I'm with dupreet (and others) in that the $100+ you'd need to buy the 10 ga wire to do this would far and above exceed any gas mmoney you'd spend on your own generator. Oh, and I wouldn't guarantee it'd work, given afore-mentioned voltage drops.
2001 Coachmen Leprechaun 314SS (Acquired in July 2008)
We're doing 4 contests this year plus 1 in october that I don't plan on needing AC for. So the gas will add up. I'll see how close I get to the connection. I do have an extra 30 amp wire to extend my RV connection. From what I'm reading the adapter my get fried though..... I bought the generator for bbq and the house so I recon I'll use it for what it was purchased for (some contests only provide 10amp service).
It is really very simple, try it. If the voltage INSIDE the RV with the A/C running is at least 110 VAC, you are fine. If it is less, don't run the A/C. Note voltage may dip lower for a second when compressor kicks on, that is ok.
2010 Ford Expedition TV
2010 Outback 230RS Toybox, 5390# UVW, 6800# Loaded Not yet camped in Hawaii, 2 Canada Provinces, & 2 Territories I can't be lost because I don't care where this lovely road is going
Agree with 10 guage extension cord. Helps reduce voltage drop. Using your 30amp cord is good but keep the length of total cord to a minimum. Yes. Get a voltmeter, like Kill-A-Watt. Watch it. I do not like mine to go below 110v. I know 108v is safe but at 108, I would have to be staring at it in case it dropped some. One of the problems with the spider is that others are drawing power as well. I would take the generator and gas as well. If the power drops, go to your genny. It might be expensive to use the gas but not as expensive as repairing/replacing the AC.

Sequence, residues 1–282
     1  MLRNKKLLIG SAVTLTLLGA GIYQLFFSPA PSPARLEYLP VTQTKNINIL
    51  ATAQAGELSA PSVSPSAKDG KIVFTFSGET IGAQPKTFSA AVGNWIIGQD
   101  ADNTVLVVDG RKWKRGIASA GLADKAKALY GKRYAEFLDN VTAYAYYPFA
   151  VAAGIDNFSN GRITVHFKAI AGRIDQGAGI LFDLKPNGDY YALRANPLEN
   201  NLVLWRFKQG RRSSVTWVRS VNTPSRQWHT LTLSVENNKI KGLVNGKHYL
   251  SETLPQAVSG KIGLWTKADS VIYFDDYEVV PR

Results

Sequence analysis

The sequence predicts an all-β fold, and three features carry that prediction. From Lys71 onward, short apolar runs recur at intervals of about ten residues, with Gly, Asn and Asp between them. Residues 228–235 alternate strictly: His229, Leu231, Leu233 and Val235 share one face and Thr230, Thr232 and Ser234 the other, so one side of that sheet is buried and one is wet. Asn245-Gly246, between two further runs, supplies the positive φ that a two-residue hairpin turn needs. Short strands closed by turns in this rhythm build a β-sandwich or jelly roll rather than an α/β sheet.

May God bless your travels
Me, The Wonderful Wife
and two Spastic Border Collies U.S. Army Retired 2004 Coachmen Aurora, 3480DS 2007 Saturn Outlook, FROG
Saw an interesting A-Dapter the other day. It had a 30A male plug and a 20A male plug wired to an outlet box with a 50A female socket in it. With that, you can get 30A on one leg of your 50A shore tie cable, and 20A on the other side. Not as good as 50 + 50 on a 50A circuit, but better than just 30 and you don't have to run another cord.
God Bless, jd
2003 Jayco Escapade 31A on 2002 Ford E450 V10 4R100
Everybody talks about 20A plugs, but it should be noted that the common household outlets that most of us have in our homes, garages, etc. are in fact 15A outlets. A true 20A outlet has the flat blades perpendicular to each other rather than the blades parallel, as in the 15A outlet, as seen in this diagram:
The NEMA 5-15P is the standard 15A outlet found in homes; the NEMA 5-20P is a 20A outlet found in circuits fed from a 20A breaker. Most 20A circuits actually use a combination outlet that will accept both types of plugs, but if the outlet only has parallel slots it's a 15A outlet, not a 20A outlet.
Alan & Sandy Hepburn driving a 2007 Fleetwood Bounder 35E on a Workhorse chassis - Proud to be a Blue Star Family!
Thanks Mr. Hepburn for posting that information. Should also point out that most 12 AWG extension cords are only rated for 15 amps as well because the plugs are only 15 AMPS. That being said, I run my AC at home off a 20 AMP circuit with my trailers cord and a dogbone with no apparent heating and little voltage drop.
2008 Z71 Silverado
The Wife, The Husky, The Lab